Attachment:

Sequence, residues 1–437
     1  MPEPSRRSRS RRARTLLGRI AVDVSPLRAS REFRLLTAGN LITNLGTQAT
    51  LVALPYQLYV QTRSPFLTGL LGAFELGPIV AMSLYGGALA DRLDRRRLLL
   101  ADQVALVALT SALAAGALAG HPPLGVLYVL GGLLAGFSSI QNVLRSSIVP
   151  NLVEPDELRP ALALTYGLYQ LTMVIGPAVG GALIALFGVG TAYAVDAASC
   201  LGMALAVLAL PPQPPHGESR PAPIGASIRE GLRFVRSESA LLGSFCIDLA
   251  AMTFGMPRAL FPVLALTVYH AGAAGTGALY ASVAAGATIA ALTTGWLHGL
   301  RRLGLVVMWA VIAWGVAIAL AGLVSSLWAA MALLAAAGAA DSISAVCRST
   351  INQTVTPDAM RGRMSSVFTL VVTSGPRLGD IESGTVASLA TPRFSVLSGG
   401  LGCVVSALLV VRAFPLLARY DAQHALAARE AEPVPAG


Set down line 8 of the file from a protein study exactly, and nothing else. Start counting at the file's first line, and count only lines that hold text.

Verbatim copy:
   301  RRLGLVVMWA VIAWGVAIAL AGLVSSLWAA MALLAAAGAA DSISAVCRST